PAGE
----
Naming names


In today’s media climate, where we’re so conditioned to expect to know every detail of a story, our readers are sometimes curious why we choose to omit the names of the accused in police reports.

There’s certainly a time to report every detail: when there’s a danger to the public. Perhaps when a serious or violent crime or abduction has occurred. Or when the police need our eyes to help them find a specific individual.

What’s left is a mix of lesser crimes. Many are still a danger – drunk drivers cause such senseless death, and drug traffickers have aided in seven overdoses in our town recently. One of those individuals lost their life; the others came too close.

Those people aren’t just nameless addicts; each one is someone’s child. Each one has friends, family, people who care. For that reason, it’s tempting to publish the names of their alleged dealers, and make those people face the harsh criticism of the public, and feel the contempt of their neighbours.

However, that’s exactly the reason we don’t publish them.

We’ve been hearing a lot about human rights lately, thanks to Black Lives Matter and Pride. We know we should be protected from discrimination based on the colour of our skin, our gender, sexual orientation and expression, age and ability. These are no-brainers. But we’re also free from discrimination due to our record of offences.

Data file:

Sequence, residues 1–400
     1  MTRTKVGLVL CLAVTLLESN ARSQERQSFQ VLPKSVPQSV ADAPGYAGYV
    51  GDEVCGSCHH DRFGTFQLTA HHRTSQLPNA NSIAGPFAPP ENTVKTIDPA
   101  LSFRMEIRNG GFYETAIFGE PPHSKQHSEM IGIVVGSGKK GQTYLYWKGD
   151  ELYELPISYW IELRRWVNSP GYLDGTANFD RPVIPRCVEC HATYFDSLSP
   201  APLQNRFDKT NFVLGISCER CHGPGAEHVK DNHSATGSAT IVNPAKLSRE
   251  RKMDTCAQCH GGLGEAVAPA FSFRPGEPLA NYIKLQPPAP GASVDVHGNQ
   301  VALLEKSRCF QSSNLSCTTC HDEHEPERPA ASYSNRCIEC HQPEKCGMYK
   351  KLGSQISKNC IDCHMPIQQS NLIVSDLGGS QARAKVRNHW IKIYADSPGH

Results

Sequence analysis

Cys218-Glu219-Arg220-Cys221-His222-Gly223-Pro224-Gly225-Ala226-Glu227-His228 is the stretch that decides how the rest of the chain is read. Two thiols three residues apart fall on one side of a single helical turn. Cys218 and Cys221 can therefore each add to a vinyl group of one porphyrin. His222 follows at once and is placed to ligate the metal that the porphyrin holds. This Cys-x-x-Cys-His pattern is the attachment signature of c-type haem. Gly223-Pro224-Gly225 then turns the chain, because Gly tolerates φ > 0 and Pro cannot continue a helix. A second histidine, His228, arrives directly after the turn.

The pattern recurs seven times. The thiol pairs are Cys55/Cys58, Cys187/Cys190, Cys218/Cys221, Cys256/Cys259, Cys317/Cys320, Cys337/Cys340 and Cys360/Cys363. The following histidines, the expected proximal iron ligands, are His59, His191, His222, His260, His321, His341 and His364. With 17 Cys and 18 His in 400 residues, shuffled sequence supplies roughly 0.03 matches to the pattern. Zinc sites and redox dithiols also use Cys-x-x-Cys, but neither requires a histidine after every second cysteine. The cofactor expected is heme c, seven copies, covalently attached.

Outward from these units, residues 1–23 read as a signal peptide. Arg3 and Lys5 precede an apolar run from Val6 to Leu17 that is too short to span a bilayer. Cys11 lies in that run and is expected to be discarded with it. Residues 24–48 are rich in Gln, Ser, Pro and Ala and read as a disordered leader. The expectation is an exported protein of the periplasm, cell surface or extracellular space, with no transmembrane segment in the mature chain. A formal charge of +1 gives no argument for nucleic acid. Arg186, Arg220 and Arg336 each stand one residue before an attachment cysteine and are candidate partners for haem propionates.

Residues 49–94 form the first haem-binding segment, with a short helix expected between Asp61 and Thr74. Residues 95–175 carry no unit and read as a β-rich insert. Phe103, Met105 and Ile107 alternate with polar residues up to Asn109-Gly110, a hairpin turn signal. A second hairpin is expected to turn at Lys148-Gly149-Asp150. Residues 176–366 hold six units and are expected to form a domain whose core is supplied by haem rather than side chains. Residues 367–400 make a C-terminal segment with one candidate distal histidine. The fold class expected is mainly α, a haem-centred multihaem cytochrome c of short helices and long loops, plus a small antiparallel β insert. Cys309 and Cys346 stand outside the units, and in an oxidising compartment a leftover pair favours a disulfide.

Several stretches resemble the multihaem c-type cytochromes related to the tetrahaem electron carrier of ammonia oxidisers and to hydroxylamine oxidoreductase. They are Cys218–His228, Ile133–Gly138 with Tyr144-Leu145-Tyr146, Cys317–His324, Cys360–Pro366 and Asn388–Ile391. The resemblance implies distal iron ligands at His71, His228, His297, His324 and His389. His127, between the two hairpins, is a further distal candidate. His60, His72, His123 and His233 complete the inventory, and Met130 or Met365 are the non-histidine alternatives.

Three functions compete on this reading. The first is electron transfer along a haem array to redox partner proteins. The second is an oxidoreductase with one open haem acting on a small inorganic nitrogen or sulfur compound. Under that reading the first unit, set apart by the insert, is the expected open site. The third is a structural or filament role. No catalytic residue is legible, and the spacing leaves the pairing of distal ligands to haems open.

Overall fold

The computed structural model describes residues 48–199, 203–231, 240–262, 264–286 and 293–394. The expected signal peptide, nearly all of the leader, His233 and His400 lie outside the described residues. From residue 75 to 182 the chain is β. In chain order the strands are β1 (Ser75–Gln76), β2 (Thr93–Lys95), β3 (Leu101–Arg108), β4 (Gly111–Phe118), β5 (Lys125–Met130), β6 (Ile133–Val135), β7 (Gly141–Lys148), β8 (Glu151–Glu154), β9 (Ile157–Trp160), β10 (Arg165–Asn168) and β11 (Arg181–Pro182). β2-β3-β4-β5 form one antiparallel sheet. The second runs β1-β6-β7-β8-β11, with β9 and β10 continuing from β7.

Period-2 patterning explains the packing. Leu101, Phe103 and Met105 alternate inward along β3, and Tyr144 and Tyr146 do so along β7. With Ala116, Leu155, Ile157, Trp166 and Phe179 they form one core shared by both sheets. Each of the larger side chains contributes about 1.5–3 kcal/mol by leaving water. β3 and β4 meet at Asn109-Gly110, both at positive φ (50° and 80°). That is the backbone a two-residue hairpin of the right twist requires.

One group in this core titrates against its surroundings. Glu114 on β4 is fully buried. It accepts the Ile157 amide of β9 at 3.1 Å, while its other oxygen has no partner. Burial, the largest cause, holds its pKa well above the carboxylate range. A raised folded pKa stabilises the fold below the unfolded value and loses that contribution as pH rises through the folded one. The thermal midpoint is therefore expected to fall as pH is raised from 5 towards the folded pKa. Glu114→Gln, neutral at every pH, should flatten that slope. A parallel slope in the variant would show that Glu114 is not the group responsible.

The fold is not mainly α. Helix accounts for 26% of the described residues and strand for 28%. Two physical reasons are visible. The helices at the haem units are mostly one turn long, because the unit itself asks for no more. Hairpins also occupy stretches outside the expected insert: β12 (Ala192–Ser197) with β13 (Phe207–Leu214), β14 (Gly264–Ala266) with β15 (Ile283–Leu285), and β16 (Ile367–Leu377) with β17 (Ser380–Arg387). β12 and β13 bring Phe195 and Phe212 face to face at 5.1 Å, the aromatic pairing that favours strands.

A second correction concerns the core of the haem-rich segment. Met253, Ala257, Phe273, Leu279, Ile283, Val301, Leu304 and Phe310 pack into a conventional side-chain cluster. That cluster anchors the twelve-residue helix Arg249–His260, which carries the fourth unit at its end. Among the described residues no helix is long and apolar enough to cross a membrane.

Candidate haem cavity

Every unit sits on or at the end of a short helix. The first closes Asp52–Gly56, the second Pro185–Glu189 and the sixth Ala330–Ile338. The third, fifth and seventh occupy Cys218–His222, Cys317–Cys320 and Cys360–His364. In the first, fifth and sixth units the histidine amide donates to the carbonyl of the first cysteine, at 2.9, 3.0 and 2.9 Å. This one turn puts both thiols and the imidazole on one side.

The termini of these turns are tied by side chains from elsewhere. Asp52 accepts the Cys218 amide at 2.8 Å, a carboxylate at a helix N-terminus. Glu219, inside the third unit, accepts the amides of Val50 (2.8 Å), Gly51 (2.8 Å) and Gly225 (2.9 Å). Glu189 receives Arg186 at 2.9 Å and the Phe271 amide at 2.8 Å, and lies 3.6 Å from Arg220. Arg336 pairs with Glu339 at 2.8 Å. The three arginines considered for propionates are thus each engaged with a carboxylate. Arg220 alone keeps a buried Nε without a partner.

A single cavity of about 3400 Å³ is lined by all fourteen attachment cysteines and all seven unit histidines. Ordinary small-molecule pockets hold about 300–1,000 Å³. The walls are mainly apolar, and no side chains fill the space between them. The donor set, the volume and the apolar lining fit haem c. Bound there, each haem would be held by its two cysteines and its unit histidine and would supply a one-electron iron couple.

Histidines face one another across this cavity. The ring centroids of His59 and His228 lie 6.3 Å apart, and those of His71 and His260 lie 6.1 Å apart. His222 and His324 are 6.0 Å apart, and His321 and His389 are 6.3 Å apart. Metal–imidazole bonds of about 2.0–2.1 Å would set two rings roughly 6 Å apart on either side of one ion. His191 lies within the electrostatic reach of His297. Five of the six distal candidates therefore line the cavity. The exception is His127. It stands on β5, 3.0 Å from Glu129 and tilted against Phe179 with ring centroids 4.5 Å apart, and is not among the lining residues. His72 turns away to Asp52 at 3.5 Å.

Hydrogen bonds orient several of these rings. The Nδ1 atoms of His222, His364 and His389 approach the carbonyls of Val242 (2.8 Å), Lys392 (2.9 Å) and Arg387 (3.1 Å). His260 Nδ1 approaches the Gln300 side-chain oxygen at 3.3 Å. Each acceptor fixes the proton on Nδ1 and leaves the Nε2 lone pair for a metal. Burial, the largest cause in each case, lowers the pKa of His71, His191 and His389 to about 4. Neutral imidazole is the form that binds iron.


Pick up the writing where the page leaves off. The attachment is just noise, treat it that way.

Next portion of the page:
That’s not to say convicted criminals, even those on parole, get a free pass. Far from it; they’re barred from working in certain occupations, crossing borders, or even volunteering at their kids’ school. Mechanisms are in place to keep the public safe from these individuals.

But what about all the accused who are found innocent, or have completed their sentences? Their arrest was just step one on the long, winding road through the criminal justice system. A lot of factors can alter the story: new evidence, reduced charges, acquittals, or even plea bargains.

Although the courts assume innocence until guilt is proven, human nature can be the opposite. Without court reporting, we never hear the end of the story. The accused are forever suspended in our minds, guilty as charged. In a small town, that can carry a life sentence of stigma, which can impact employment, relationships and quality of life for years, even without a criminal record.

Unfortunately, few modern media outlets – ours included – have the resources to cover court. The result is far too many unfinished stories, and the stigma that lingers with them. Giving anonymity to the guilty is the price we’ve chosen to pay, in order to protect the integrity of the innocent.